WordPress For Non-Techies: Free WordPress Tutorials – WPCompendium.org

How To Use WordPress Autosave And Post Revisions

Have you ever found yourself in a situation where, after investing much effort composing a new article, something goes wrong and you suddenly find that all of your hard work is gone because you didn’t hit the ‘Save’ button as you went along?

If this ever happens, there’s no need to feel alarmed! WordPress comes with an autosave and post revision feature that:

In this step-by-step tutorial, you will learn how to use the built-in autosave and content recovery system of WordPress to automatically recover your pages and posts.

WordPress Autosave And Content Recovery: Tutorial

Normally, after updating a post or page, you will see a notice like this …

(Edit Post – Post updated notification)

WordPress autosave and post revisions ensure that your content is regularly saved, so you can undo changes to your drafts and revert back to older revisions of your posts when unexpected events happen, such as:

If you try to save your work, a ‘WordPress Failure Notice’ message like this may end up being displayed instead …

(WordPress Post Save Error Notice)

If you the message “Are you sure you want to do this? Please try again” shows up on your screen and you click on ‘Please try again’, you will normally return to a page or post edit screen displaying a previous version of your post, minus any recent changes.

This is where WordPress ‘autosave’ can help to avert disaster.

Autosave

Autosaves are automatically enabled for all WordPress posts and pages, but this does not overwrite your published content.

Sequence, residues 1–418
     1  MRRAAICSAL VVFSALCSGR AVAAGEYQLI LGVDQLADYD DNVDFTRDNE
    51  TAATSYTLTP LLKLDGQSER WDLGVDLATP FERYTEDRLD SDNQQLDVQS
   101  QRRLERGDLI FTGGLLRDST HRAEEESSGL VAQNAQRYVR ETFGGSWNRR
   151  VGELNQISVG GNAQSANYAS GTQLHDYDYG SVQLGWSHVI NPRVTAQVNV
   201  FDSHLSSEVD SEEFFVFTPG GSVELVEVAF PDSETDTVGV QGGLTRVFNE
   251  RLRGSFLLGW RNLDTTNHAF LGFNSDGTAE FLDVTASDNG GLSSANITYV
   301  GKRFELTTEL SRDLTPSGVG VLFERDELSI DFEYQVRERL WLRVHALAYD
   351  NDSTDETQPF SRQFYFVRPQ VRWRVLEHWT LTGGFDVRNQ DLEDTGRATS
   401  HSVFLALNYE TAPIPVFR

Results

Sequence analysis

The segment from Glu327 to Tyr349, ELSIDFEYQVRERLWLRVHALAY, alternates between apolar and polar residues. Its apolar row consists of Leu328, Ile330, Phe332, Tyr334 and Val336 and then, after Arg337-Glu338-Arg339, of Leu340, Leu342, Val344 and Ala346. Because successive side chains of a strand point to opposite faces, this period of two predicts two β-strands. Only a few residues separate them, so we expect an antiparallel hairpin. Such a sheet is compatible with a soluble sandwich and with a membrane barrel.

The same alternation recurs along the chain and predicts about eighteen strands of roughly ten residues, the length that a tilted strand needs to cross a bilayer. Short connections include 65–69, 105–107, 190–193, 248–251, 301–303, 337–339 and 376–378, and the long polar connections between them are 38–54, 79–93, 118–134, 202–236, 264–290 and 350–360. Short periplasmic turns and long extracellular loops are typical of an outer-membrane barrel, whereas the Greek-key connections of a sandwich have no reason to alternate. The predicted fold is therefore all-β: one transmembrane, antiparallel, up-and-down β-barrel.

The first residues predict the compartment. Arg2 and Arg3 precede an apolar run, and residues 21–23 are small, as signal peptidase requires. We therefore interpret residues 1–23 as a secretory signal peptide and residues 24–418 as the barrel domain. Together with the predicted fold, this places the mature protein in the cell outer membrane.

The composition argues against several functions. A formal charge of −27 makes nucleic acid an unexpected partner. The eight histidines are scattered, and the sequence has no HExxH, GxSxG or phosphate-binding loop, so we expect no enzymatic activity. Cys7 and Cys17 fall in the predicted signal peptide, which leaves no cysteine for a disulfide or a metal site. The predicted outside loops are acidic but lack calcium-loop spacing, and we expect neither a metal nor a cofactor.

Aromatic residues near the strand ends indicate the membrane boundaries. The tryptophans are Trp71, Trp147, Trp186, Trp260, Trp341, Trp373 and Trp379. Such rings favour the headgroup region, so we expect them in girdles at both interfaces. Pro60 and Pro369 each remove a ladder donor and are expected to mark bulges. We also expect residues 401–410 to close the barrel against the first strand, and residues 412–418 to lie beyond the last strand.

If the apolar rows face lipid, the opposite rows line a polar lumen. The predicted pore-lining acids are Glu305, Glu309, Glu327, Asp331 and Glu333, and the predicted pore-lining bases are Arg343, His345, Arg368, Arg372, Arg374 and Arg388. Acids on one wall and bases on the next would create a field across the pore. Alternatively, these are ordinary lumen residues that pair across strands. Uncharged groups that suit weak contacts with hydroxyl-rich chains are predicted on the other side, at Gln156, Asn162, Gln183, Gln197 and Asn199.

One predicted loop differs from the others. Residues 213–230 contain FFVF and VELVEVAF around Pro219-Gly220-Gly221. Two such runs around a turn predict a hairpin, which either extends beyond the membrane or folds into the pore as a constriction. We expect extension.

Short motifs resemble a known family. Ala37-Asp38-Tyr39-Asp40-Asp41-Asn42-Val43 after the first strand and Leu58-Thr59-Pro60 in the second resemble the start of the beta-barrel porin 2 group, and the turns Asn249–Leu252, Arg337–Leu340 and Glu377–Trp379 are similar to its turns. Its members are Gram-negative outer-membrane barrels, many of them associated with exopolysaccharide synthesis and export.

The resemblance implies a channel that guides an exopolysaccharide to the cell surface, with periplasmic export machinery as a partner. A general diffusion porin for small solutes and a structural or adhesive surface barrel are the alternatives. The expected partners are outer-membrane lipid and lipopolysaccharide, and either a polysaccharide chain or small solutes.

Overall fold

By default, posts are saved to your database every 60 seconds. This time interval can be changed by modifying code in your wp-config.php file.

We recommend performing a complete backup of your data and files before making any changes to your website or blog.

If you are concerned about working with code, then get in touch. We’ll be glad to help you.

If you have been working for a while and something happens (e.g. your browser crashes), a There is an autosave of this post that is more recent than the version below’ notification like the one shown below may come up when you get back to your post or page …

(Edit Post – Autosave notice)

Click on the link to view the autosave …

(View the autosave)

The Revisions section comes up, allowing you to recover a previously saved version of your post …

(Compare Revisions page)

WordPress offers one-click post recovery. Click Restore This Autosave

(WordPress offers one-click restore of autosaved content)

The content you were previously working on will be recovered from autosave …

(Post content recovered from Autosave)

WordPress Autosave – Additional Information

Content Recovery – Session Expired

Sometimes, you will get a ‘Session expired’ notification …

(Session expired notice)

If your login session expires, WordPress remembers where you were, so when you log in again, you can continue working from where you left off …